Former NHL player Steve Heinze requested to wear #57 when he was drafted by the Boston Bruins. However, the Bruins general manager Harry Sinden denied his request, stating that only Ray Bourque (#77) could wear an unorthodox number. Instead, Heinze wore #23 in Boston. He was granted #57 when he joined the Columbus Blue Jackets and he wore it for the remainder of his NHL career.
- Rawsthorn, Alice (12 April 2009). "An Icon, Despite Itself". New York Times. Retrieved 2009-06-09.
- "57 Varieties, Revealed | The Bleat". Lileks.com. 2010-01-27. Retrieved 2011-10-12.
- "Trivia". Heinz. Retrieved 2011-10-12.
- "Trivia". Retrieved 13 March 2012.
- "Vintage Cookbooks – Heinz 57 Varieties". Advertisingcookbooks.com. Retrieved 2011-10-12.
- "Our Tangy History | Heinz 57 Sauce – 1913". Heinz57.com. Retrieved 2011-10-12.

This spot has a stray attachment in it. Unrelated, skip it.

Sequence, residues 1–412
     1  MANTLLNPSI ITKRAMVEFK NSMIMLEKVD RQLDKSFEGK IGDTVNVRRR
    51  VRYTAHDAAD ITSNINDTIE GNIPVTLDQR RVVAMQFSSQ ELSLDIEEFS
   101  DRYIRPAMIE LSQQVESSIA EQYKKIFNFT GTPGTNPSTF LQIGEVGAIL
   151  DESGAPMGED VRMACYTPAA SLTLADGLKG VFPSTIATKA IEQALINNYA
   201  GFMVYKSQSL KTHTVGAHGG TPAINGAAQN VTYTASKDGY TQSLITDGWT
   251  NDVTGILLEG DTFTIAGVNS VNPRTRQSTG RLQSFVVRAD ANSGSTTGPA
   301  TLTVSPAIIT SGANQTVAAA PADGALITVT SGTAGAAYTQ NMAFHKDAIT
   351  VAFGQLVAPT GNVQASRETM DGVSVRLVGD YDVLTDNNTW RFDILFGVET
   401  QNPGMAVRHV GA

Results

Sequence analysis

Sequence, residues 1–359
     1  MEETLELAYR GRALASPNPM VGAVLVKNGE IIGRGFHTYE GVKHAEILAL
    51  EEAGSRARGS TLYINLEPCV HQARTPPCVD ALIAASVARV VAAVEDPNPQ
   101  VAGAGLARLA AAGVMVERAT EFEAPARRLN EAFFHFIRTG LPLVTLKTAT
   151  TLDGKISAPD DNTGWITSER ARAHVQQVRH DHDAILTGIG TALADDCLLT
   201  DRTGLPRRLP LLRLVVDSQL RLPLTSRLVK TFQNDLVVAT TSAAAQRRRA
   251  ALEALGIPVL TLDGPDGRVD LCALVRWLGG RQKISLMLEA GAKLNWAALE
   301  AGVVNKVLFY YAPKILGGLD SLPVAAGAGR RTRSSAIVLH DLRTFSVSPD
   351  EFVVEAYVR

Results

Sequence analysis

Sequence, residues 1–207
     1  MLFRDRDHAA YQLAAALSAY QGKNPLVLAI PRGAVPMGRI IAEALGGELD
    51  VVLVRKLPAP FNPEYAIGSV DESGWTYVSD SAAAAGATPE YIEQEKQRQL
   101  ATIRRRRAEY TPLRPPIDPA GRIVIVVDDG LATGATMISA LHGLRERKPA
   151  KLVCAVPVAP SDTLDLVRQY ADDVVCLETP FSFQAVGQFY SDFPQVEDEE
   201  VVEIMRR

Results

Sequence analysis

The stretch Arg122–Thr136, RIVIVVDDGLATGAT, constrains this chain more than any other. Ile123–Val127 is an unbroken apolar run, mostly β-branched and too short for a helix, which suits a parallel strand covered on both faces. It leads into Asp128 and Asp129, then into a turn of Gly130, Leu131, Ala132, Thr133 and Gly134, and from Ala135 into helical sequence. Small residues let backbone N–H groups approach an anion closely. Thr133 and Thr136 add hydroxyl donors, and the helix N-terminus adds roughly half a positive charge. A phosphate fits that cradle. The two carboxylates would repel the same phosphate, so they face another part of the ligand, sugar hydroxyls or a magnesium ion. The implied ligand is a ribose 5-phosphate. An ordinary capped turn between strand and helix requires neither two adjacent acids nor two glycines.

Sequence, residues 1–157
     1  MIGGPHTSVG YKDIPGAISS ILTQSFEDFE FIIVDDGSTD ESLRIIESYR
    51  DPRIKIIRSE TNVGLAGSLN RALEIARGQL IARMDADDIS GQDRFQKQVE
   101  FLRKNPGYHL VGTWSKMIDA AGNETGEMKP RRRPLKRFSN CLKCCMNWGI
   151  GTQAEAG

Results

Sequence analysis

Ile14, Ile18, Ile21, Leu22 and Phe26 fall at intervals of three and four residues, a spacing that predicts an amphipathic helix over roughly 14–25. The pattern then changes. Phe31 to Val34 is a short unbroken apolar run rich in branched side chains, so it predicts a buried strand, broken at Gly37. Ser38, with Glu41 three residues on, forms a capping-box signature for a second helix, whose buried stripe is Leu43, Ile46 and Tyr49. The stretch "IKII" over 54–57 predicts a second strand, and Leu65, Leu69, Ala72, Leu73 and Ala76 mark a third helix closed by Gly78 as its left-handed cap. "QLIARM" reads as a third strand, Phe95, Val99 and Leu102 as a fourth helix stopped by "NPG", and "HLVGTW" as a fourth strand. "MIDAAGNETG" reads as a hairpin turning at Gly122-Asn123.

- "Our Tangy History | Heinz 57 Sauce – 1940". Heinz57.com. Retrieved 2011-10-12.
- Barry, Patrick L.; Dr. Tony Phillips (10 August 2004). "The Great Ketchup Mystery". First Science.com. Retrieved 2009-06-09.
- Semyonova, Alexandra (2009). The 100 Silliest Things People Say about Dogs. Lulu.com. p. 67. ISBN 978-1904109181. Retrieved 2014-07-25.
- "Rhyming Calls in Bingo". Express Bingo. Retrieved 26 April 2012.
- "Heinz 57". poker.gamblefaces.com. Retrieved 2014-10-21.
- Vaughan Williams, Leighton; Siegel, Donald S. (2013). The Oxford Handbook of the Economics of Gambling. Oxford University Press. p. 369. ISBN 978-0199376698. Retrieved 2014-07-25.
- "List of UK railfan jargon – Trains". Train.spottingworld.com. Retrieved 2011-10-12.
- Deckard, Linda (2001-06-25). "Heinz Pours Itself Into $57 Million Naming Rights Deal In Pittsburgh". AllBusiness.com. Archived from the original on January 11, 2009. Retrieved 2008-08-05.
- "Stadium naming rights". Sports Business. ESPN.com. 2008-09-29. Retrieved 2008-08-05.
- "Catching Up With Steve Heinze".